Thinking of Taking Your Own Unlikely Pilgrimage?

Before taking your own pilgrimage, read The Unlikely Pilgrimage of Harold Fry by Rachel Joyce and take some notes.

Harold Fry has recently retired and is living in a small village in England with his nagging wife, Maureen. One day, he gets a letter from an old coworker, Queenie, who tells him that she’s dying of cancer. Harold immediately decides to write her back. But what exactly is he supposed to say in this letter? Harold isn’t quite sure, but he writes a short one anyways. While walking down the street to post the letter, a chance encounter convinces Harold that he must walk to Queenie and give her his letter in person. So, that’s exactly what Harold does. Right then and there, without his cell phone and wearing his yacht shoes, Harold decides to walk 600 miles across England to Queenie. Through meeting stranger after stranger, Harold begins to examine his life and come to grips with who he really is.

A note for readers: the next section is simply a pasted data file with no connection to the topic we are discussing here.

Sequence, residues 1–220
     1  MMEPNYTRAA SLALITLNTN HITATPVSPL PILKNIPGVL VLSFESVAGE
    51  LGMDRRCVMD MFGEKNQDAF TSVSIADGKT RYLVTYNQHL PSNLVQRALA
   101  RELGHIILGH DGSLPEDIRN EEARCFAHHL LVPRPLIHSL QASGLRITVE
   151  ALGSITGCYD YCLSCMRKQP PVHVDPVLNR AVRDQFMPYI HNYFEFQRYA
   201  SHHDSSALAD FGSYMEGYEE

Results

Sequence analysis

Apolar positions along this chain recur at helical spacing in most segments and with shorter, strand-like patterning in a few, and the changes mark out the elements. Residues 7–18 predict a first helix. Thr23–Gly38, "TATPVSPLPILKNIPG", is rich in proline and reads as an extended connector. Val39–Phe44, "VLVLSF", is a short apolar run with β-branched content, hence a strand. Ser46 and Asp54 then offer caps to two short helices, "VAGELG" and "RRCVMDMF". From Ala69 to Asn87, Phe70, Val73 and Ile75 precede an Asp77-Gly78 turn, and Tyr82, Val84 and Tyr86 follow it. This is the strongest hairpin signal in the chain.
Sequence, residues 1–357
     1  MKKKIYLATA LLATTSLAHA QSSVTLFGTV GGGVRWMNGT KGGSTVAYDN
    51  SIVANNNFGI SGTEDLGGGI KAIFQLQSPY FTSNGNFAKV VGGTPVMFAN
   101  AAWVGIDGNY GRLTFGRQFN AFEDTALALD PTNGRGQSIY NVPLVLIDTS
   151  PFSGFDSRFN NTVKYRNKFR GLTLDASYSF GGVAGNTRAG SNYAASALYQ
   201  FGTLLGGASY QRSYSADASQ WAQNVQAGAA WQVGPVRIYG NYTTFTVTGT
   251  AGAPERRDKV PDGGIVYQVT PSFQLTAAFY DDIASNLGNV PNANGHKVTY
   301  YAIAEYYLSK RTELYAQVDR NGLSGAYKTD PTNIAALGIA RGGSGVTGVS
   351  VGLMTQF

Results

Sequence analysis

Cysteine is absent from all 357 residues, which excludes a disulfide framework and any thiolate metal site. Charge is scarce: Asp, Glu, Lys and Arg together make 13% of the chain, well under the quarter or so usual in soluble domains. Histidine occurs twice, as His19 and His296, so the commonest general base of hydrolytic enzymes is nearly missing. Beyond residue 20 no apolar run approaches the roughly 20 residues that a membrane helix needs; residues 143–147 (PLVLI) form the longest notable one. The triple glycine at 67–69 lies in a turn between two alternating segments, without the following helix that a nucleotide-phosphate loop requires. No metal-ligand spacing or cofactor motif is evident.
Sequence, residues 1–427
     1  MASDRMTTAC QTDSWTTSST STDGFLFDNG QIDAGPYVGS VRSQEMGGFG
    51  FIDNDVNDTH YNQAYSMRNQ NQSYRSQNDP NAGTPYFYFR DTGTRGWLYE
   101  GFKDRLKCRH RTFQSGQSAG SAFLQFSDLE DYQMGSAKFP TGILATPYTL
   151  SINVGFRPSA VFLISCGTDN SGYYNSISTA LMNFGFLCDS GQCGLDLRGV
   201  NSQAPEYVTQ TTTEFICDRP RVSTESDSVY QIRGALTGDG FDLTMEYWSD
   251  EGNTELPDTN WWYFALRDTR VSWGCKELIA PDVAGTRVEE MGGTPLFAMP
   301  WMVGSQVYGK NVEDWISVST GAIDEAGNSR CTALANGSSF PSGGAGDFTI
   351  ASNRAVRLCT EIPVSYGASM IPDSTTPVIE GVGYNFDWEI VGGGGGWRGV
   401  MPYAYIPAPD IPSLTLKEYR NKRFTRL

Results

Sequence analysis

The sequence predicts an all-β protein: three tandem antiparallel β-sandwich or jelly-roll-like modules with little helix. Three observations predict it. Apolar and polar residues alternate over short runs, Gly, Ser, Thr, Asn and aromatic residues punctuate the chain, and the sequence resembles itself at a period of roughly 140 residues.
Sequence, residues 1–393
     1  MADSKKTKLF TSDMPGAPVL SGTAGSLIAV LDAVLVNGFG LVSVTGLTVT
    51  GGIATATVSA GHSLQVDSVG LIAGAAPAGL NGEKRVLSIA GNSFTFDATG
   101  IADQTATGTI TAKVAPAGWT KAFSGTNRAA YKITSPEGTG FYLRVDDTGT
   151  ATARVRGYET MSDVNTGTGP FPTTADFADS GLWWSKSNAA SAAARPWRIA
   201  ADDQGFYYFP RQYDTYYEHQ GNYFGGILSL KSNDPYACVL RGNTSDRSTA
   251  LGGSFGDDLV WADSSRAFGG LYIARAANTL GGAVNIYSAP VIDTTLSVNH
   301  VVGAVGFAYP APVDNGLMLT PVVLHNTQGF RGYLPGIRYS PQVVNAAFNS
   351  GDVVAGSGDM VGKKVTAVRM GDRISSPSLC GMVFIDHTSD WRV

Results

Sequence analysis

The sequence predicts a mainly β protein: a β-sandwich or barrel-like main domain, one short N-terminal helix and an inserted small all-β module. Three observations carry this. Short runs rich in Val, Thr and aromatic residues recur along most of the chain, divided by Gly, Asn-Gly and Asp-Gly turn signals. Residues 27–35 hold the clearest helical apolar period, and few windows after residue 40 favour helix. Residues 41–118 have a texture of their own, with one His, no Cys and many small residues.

My Items To Note While Taking a Pilgrimage (Learned from Harold Fry)

1. Wear proper shoes

2. Bring sunscreen

3. Don’t try to carry too many things

4. Forget your cell phone

5. Become reliant on the goodness of strangers

The only fault I could find in this book is that Harold Fry is not real and I desperately want him to be. Harold Fry is one of the characters that stays with you for a long time after closing the pages of the book. Be prepared with a box of tissues for the end of the story!

If you’re more of a non-fiction reader, check out some of these books about real people taking their own pilgrimage of sorts before heading out on your own.


Any recommendations?

— Kristen B.

One thought on “Thinking of Taking Your Own Unlikely Pilgrimage?

  1. My favorite nonfiction adventure book of all time is "The Long Walk" by Sawomir Rawicz. A Polish POW during WWII escapes and walks over 2000 miles with barely nothing. He walks from Siberia through the Gobi desert, into India. Anytime I a am tired and hot from walking barely a mile, I think of this guy.

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